New research has highlighted that better beach signs can help improve safety and prevent drownings.
The work is from the University of Adelaide, which examined how Australian citizens and foreign-born beach users interpreted current signage on Australian beaches.
The research interviewed 160 participants and came to various conclusions, including:
- Clear color coding, with many signs in yellow, while red is more often associated with danger for many communities.
- Clearer explanation of the hazard, whether it be poison, a sting, and such.
- Using photos, not just symbols, to help non-native speakers.
The study was conducted by Dr. Masaki Shibata from the University of Adelaide.
Commenting on the work, Shibata stated:
“According to the National Coastal Safety Report 2022, 939 coastal drowning fatalities were recorded from 2012-2022, almost half of which were overseas-born beachgoers. However, the 939 fatalities were only of people whose birth continent was known, so the total number of drownings is higher. Approximately 50 percent of overseas-born beachgoers and 40 percent of Australians rarely or never read beach safety signage at beaches they’re not familiar with. Approximately half of the overseas-born beachgoers had no understanding of some beach safety terms such as high surf, shore dump, or bluebottle. Not reading the signs, or not understanding them, could have deadly consequences.”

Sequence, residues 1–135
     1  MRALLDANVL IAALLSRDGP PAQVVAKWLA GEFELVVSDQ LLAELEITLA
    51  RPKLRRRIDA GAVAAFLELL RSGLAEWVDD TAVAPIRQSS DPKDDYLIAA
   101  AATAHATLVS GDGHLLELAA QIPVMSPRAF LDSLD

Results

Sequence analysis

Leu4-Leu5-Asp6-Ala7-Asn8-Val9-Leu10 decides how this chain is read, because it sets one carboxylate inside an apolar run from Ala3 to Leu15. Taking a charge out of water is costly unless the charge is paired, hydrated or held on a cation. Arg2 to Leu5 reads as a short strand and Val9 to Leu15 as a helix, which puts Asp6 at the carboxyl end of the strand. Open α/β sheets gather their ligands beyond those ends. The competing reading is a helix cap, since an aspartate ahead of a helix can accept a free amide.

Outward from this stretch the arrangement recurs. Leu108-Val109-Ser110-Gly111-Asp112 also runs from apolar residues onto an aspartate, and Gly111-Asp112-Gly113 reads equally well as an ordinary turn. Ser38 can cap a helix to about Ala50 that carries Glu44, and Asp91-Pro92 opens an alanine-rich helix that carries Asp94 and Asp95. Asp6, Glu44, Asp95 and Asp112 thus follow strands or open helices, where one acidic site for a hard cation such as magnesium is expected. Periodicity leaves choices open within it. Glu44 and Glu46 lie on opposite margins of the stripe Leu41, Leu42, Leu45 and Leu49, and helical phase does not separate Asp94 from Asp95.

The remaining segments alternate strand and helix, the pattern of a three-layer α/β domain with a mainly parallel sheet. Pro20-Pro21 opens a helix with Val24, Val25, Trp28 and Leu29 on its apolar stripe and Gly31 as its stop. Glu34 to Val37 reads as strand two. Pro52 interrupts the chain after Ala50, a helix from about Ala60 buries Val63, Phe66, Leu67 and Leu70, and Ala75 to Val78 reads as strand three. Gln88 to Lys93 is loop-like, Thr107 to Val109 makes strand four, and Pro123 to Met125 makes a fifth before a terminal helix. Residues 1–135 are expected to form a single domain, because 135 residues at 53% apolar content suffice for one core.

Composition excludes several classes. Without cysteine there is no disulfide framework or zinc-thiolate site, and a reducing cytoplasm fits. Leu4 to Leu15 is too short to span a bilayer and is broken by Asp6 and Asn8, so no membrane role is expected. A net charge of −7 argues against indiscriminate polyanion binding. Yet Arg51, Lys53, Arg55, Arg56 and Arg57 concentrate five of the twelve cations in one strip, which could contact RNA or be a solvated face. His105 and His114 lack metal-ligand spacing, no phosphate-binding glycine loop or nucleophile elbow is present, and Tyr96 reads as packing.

“Not reading the signs, or not understanding them, could have deadly consequences. I hope my suggestions will be taken into consideration in the much-needed revision of beach safety signage…While they represent ‘always swim between the flags,’ more than 30 percent of the overseas visitors and residents believe that beach flags mean that only people ‘perceived to be good swimmers’ were allowed to be between the flags.”
You can find the original research here.